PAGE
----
Tom Brady reaches deal with Raiders for minority ownership stake in franchise

Tom Brady is a significant step closer to NFL ownership.

Las Vegas Raiders owner Mark Davis announced on Monday that he and Brady have reached an agreement for the former quarterback to take a minority stake in the NFL franchise. The agreement will now be sent to the NFL for approval by league owners.

"We have come to an agreement for Tom Brady to become a partner in the Raiders, and we have submitted it to the NFL for approval," Davis told ESPN's Paul Gutierrez.

Brady did not publicly address the news upon Davis' announcement.

Terms of the deal were not reported. The agreement will require approval of 23 of the NFL's remaining 31 owners. Any ownership deal requires approval by 3/4 of the league's franchises.

If approved, Brady would become the third player in league history to have an ownership stake in a franchise. Former Baltimore Colts tight end Jerry Richardson was the founding owner of the Carolina Panthers. Hall of Famer George Halas was an owner, player and coach for the Chicago Bears starting with their 1920 inception.

Brady retired this offseason following 23 seasons as an NFL quarterback with the New England Patriots and Tampa Bay Buccaneers. He won six Super Bowls with the Patriots and a seventh with the Buccaneers after the 2021 season.

Brady's ownership stake would appear to shut the door on any comeback attempts as a player. In the event the 45-year-old wanted to come out of retirement for a second time, he would require approval from 3/4 of the league's franchises to allow him to play for the Raiders. Brady vowed in February that his second retirement announcement was "for good." His former Patriots backup Jimmy Garoppolo signed with the Raiders this offseason.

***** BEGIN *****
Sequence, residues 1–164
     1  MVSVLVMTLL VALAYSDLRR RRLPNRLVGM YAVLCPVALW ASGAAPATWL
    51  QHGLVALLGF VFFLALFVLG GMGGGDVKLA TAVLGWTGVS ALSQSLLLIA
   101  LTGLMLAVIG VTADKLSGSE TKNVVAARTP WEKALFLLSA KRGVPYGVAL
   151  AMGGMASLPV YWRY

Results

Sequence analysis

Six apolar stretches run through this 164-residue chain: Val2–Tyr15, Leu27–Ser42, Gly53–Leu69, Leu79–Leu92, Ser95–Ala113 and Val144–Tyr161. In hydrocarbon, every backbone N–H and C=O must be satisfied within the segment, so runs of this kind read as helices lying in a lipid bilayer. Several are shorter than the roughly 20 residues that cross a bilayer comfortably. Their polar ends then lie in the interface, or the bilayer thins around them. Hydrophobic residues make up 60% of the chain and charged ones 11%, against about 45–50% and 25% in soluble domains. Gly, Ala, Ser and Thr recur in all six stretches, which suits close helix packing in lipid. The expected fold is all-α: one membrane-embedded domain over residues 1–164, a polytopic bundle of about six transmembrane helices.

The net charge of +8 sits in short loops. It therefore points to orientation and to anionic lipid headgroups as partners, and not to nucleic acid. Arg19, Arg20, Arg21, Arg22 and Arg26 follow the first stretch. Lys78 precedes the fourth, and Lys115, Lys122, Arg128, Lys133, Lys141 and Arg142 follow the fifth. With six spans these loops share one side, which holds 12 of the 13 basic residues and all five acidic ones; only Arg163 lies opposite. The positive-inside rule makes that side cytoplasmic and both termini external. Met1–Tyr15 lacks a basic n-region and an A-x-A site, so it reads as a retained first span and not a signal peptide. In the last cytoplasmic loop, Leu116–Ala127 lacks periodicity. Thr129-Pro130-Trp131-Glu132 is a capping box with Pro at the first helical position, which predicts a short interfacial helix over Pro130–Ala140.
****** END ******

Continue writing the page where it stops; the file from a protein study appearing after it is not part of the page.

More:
Will Brady still call games for Fox?

An ownership stake reportedly wouldn't prevent Brady from calling games for Fox. Brady has a 10-year, $375 million contract to call games as an analyst for the network that was slated to start in 2023. He announced after his retirement in February that he won't start calling games until the 2024 season, declaring that he wants to "take some time to really learn, become great at what I want to do."

ESPN reports that the NFL prohibits employees with positions of authority at media outlets from having ownership stakes, but that the policy wouldn't apply to Brady's role as on-air talent. Fox has "blessed" Brady's desire to take an ownership stake, according to the report.

The reported plan would create conflict-of-interest issues at Fox as Brady called games with outcomes relevant to the Raiders.